Induction of micronuclei and chromosomal aberrations by the mycotoxin patulin in mammalian cells: role of ascorbic acid as a modulator of patulin clastogenicity

I. Alves, N. G. Oliveira, A. Laires, A.S. Rodrigues, J. Rueff

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Patulin is a mycotoxin produced by several species of Penicillium, Aspergillus and Byssochlamys. Patulin is a common contaminant of ripe apples used for the production of apple juice concentrates and is also present in other fruits, vegetables and food products. Patulin has been reported to have mutagenic, carcinogenic and teratogenic properties. Nevertheless, these properties are still a matter of debate. In this report, we further investigated the genotoxicity of patulin in mammalian cells by two different approaches. Firstly, we evaluated the induction of micronuclei in cytokinesis-blocked human lymphocytes, This approach is important because available data concerning the genetic toxicity of patulin in human cells is sparse. secondly, we chose an established model for patulin genotoxicity, i.e. the chromosomal aberration assay in V79 Chinese hamster cells, to clarify whether concomitant exposure to ascorbic acid with the mycotoxin modulates or not the clastogenicity of patulin. The results unequivocally show induction of DNA-damaged cells by patulin as assessed by both cytogenetic assays. In addition, an almost complete abolition of patulin (0.8 mu M) clastogenicity was observed in the presence of 80 mu M ascorbic acid (P < 0.05), showing that although a genetic risk is present, ascorbic acid could somehow partially modulate this problem.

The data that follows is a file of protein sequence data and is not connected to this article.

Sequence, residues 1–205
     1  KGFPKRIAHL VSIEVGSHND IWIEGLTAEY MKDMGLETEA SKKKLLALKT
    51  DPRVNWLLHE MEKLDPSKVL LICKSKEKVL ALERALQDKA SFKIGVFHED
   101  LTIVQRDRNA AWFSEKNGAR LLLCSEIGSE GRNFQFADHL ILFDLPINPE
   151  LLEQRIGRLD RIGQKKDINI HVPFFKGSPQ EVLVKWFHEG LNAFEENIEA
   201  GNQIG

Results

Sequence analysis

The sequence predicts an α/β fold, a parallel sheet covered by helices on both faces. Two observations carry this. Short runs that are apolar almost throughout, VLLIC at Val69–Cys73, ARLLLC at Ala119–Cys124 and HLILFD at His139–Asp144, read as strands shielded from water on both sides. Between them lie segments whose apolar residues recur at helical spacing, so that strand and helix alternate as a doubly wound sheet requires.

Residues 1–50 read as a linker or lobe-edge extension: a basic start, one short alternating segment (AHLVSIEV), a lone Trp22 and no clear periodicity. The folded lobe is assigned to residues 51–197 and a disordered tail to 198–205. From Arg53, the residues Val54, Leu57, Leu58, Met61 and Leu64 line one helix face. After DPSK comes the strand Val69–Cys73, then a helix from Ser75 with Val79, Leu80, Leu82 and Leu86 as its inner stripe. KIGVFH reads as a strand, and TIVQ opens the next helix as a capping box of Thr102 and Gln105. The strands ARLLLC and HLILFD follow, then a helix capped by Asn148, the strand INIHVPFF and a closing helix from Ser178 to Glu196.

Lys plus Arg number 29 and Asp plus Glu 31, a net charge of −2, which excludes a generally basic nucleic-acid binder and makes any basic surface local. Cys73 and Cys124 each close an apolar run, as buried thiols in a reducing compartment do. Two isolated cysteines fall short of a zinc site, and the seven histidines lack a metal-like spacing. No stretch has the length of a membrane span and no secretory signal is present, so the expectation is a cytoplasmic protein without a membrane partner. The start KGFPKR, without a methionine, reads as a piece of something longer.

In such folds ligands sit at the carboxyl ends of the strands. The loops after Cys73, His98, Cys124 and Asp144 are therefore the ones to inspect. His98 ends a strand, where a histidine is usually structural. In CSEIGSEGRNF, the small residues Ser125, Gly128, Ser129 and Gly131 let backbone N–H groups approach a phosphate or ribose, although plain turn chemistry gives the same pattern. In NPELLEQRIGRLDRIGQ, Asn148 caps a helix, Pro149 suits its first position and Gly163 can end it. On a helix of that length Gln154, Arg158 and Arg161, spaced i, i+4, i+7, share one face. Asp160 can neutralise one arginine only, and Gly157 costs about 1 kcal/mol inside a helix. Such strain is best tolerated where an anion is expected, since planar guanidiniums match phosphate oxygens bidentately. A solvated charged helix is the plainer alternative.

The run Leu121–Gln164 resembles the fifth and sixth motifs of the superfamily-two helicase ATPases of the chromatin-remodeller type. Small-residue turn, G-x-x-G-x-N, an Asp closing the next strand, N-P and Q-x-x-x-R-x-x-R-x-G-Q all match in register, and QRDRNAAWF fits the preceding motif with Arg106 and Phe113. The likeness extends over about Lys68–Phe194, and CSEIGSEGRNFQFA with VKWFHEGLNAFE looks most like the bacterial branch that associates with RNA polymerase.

Original languageUnknown
Pages (from-to)229-234
Issue number3
Publication statusPublished - 1 Jan 2000

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